Paralympic swimmer Mallory Weggemann competes 26 weeks pregnant


When Mallory Weggeman competed at the US Paralympic Swimming Championships, she attended with her little one.

CHARLOTTE, NC — Mallory Weggeman is a “mom on a mission” to show what’s possible.

The three-time Paralympic gold medalist competed at the National Paralympic Swimming Championships in Charlotte, North Carolina this weekend at 26 weeks pregnant.

“It’s very special to be here. I’ve been with the national team for the better part of the last 13 years, but now I’m at this stage of my career, playing 3 Paralympic games and 6 and a half months pregnant. I’m racing.” Being with our first child is more than I could have dreamed of at 20, when she made her first national team.

Weggemann came in second in the 50m fly and reached the final in the 50m free and 200m fly. But Weggemann said that was not the end result.

“It just showed what is possible as a woman and as a woman with a disability. It was more important than ever for me to swim,” Weggemann said. “It will only point the way for other individuals and hopefully inspire our next generation to understand that as women we are not either or both. There are choices and you can continue your career. What you choose and how you do it.”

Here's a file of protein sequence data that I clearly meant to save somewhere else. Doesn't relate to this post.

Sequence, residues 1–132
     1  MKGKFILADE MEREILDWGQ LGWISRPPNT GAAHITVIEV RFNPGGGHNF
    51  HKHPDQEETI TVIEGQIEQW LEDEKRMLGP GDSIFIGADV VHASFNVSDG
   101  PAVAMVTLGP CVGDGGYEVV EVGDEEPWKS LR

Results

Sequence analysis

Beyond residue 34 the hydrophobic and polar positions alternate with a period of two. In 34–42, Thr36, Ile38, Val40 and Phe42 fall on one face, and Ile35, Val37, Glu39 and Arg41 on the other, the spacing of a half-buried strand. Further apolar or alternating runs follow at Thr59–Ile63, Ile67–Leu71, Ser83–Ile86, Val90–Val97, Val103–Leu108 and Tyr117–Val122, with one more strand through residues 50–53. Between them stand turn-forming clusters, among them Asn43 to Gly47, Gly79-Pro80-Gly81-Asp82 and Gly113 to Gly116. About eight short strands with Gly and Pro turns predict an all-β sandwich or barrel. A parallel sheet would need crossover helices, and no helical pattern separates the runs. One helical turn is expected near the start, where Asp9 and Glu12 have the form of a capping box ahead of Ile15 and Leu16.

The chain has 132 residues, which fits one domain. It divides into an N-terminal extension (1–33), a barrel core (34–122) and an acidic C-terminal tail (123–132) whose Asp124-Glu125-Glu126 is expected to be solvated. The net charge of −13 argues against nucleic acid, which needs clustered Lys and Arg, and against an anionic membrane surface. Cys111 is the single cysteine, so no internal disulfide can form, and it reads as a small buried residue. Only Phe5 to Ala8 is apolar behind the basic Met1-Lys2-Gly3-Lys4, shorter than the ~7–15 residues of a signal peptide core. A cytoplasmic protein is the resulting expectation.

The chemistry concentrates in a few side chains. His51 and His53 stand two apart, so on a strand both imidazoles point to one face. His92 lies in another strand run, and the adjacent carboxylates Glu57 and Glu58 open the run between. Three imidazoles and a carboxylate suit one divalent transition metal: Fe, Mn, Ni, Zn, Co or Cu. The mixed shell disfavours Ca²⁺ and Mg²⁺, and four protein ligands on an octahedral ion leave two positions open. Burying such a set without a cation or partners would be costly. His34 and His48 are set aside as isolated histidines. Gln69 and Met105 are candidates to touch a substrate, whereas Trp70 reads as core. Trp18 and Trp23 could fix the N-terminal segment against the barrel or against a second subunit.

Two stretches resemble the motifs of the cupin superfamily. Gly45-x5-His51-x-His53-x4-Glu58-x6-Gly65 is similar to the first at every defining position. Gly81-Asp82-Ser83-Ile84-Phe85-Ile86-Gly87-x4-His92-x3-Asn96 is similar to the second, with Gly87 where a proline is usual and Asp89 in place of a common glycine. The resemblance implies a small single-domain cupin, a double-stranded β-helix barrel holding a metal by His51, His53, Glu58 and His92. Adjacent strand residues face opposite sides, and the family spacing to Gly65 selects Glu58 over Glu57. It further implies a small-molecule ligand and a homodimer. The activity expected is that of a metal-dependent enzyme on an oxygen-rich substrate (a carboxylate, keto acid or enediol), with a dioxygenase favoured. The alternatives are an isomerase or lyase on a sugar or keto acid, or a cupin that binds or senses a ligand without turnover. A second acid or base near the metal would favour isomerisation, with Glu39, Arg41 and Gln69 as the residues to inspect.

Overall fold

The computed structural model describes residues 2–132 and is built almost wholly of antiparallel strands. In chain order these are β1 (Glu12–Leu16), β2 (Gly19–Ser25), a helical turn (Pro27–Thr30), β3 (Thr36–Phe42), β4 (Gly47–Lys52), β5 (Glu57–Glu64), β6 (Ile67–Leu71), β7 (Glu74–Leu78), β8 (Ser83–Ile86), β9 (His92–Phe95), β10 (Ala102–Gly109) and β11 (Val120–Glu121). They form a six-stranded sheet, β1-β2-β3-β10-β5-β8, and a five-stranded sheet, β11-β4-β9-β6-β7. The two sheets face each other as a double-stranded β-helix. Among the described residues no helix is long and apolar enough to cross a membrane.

Weggemann became paralyzed from the waist down in 2008 after receiving regular epidural injections in his back to treat shingles. Since then, she has gone on to win her five Paralympic medals, three of which are gold.

“There is still a great deal of stigma that exists during pregnancy for women, and a great deal of stigma on the path of women with disabilities on their journey to parenthood. rice field.

Weggemann and husband Jay Snyder have also opened up about their journey to conceiving via IVF because of male factor infertility.

“There was a lot of shame and loneliness, and we wanted to voice it. My husband was really focused on that journey and was really brave.” Being a woman, more specifically a disabled woman who brought a wheelchair, we naturally assume that we have experienced infertility.

Weggemann said she was already receiving encouraging messages after competing at the national championships at 26 weeks pregnant. The daughter of a convention official who uses her wheelchair told her parents after seeing Weggemann’s photo that she didn’t know someone in a wheelchair could have a baby. .

Weggemann’s final race of the weekend set a new world record in the gold-medal-winning 200-meter individual medley at the 2020 Summer Paralympics. She hopes to defend her title at her 2024 Summer Paralympics in Paris.

She added, “Fast forward a year and a half or so and I hope everything is going well. I met my husband holding our baby in a stand in Paris, I showed him a picture and I was like they I was able to race with them when I was pregnant.”

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